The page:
Pulse Magazine: February 2010



BNP predicts the risk of heart failure in older people

The study involved 2,975 community-dwelling older adults who were free of heart failure. Their N-terminal pro-B-type natriuretic peptide (NT-proBNP) levels were measured at baseline then two to three years later.

The researchers found NT-proBNP was an independent predictor of the outcomes. Cases with the highest levels of the marker were more than three times more likely to develop heart failure and cardiovascular death than those with the lowest levels.

Changes in the level of NT-proBNP were also found to predict risk. Of cases who with an initially high level of NT-proBNP, a 25% increase was associated with a doubled risk of developing heart failure and 90% increase in the risk of cardiovascular death, compared with patients with unchanged levels. A 25% decrease in NT-proBNP appeared to decrease risk.

Dr Christopher deFilippi from, the University of Maryland School of Medicine, said: ‘NT-proBNP levels may guide further diagnostic testing or potential preventative measures to reduce the risk of developing heart failure or dying of cardiovascular disease.’

J Am Coll Cardiol 2010;55:441-50#mce_temp_url#





Last Updated on Saturday, 21 August 2010 12:58

Leicester Med bulletin: Spring 2010




A year ago I had just a couple of student newspaper articles under my belt and was getting ready to nervously sit finals.  Today I am a Features Editor for Junior Dr magazine and I have written for one of the most prestigious doctors magazines in the country.

The change started when I embarked on an intercalated degree in medical journalism at the University of Westminster.

I had my doubts over the course requirements, which asked for medical students with a strong motivation towards journalism as a career and a history of involvement in publications.  I told Dr Heney of my concerns and he encouraged me to apply.

The application was daunting: a detailed form, two references, an outline for an investigative feature aimed at a national broadsheet and a transcript of my medical school results.

And the interview was even more overwhelming.  I had to take part in a debate with students applying for a journalism masters course and then be interviewed on my awareness of current affairs.

Luckily I got a place and started the one year degree last October.  The course intake is very small, with just one other medical student taking the degree with me.  So we sit our classes with the Masters Journalism students.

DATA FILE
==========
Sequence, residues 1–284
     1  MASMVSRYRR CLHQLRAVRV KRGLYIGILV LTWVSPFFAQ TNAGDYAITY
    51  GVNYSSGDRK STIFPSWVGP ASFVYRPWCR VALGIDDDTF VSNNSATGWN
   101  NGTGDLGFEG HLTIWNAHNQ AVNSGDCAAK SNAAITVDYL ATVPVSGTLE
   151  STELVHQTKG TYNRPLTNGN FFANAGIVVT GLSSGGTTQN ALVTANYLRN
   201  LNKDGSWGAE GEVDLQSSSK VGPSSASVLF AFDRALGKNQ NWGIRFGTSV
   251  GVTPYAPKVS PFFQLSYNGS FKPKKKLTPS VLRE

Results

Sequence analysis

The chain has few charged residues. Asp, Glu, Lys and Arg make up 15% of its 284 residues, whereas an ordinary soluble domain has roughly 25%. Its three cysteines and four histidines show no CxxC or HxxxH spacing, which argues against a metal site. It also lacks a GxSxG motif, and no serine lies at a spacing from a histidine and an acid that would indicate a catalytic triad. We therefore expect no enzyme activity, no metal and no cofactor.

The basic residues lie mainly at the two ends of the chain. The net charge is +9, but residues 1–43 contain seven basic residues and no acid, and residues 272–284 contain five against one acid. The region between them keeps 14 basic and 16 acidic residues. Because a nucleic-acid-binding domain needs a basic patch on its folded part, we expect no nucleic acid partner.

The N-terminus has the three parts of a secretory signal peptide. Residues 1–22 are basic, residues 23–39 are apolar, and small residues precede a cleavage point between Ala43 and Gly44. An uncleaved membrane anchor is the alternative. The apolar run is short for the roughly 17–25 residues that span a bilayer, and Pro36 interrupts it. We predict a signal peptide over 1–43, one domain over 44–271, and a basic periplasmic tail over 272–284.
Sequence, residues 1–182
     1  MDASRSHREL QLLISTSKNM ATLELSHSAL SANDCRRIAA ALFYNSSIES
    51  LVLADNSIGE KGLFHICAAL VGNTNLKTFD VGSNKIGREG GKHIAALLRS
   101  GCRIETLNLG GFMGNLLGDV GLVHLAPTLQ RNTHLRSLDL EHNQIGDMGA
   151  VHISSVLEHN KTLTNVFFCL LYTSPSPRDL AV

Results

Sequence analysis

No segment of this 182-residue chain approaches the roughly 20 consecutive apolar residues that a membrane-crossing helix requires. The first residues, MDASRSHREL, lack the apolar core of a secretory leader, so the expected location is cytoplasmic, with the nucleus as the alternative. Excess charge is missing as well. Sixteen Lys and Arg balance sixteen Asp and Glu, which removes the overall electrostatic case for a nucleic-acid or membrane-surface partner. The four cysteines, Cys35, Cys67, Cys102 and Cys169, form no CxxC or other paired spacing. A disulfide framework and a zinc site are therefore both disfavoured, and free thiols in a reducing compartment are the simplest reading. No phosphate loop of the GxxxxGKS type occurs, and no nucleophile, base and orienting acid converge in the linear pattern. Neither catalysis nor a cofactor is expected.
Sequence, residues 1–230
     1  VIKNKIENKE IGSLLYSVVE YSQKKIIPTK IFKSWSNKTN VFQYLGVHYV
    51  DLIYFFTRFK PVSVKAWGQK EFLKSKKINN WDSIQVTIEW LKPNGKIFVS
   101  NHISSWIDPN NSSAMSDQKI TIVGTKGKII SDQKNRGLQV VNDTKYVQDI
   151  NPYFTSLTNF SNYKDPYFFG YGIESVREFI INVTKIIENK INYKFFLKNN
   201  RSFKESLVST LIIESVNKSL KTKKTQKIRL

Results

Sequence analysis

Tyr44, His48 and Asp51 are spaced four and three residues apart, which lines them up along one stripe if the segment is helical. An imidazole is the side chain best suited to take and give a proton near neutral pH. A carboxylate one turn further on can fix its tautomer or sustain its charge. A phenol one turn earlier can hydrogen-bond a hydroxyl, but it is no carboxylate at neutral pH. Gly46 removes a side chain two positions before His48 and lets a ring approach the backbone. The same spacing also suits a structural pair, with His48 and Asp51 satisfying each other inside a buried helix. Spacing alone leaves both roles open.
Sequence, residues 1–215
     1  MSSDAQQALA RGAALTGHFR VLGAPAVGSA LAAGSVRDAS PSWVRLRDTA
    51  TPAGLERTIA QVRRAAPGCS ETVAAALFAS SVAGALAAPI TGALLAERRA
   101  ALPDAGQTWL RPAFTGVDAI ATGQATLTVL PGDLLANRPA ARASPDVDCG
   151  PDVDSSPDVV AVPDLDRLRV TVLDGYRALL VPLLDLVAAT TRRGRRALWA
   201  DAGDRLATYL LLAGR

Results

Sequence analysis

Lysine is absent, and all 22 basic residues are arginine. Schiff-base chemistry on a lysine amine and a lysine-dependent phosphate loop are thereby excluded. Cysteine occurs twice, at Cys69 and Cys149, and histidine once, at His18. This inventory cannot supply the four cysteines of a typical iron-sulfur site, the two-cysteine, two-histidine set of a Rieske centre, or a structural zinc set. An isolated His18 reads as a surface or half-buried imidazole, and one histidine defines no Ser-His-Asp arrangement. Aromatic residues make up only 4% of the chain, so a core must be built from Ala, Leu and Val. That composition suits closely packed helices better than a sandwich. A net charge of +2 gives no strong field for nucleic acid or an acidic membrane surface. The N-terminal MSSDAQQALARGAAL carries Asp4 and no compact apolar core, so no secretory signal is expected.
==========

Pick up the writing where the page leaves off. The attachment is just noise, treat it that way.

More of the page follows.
As a student journalist I have witnessed news as it unfolds.  Sitting in the press gallery in one of last year’s biggest cases at the Old Bailey, I reported on the trial of two young girls who were found guilty of manslaughter.  They had bullied a vicar’s daughter, which lead to her jumping to her death from a window.

I was also at the General Medical Council hearing of Dr Al-Zayyat who has allegations



of professional misconduct against her over the death of Baby P.

Another article saw me reporting from the press gallery in a coroner’s court on the death of a woman who had jumped from her balcony killing herself and her baby after losing her benefits.

The course requires students to take part in a work placement at a medical journal.  I chose to go to Pulse Magazine, a 50-year-old publication for general practitioners.  The placement allowed me to write numerous articles for the website and the printed publication.

One of the most significant events I covered was the GMC verdict on Andrew Wakefield.  Over the years I had watched the MMR scandal unfold and now I was responsible for informing doctors of the latest developments.

The degree has given me the opportunity to meet other journalists, one of which appointed me as a Features Editor for Junior Dr magazine.

The course involves learning the journalism skills involved in print and online journalism.  There is only one module on medical journalism specifically but the teaching is tailored so students can transfer their abilities to any subject.

In the first semester students are thrown in at the deep end and told to go to a randomly allocated place in London and find a story.  Unfortunately I was told to go to Soho.  Wandering around the red light district at 9pm at night with a reporters notebook certainly raised a few eyebrows.

Students have to follow the news and set up a news website and blog, I currently blog about medical current affairs.

Taking the course has allowed me to experience the fast paced, exciting world of journalism, it’s given me opportunities to watch the news unfold and to gain valuable experience writing for medical publications.

The BA Hons in Medical Journalism is a one year degree from the University of Westminster.

Applications for 2010 intake are open now: information on the course and applying is available through contacting Dave Haddock, Admissions and Marketing Office, 020 7911 5951.

Yvette’s blog, Medic News is at




Last Updated on Saturday, 21 August 2010 13:00
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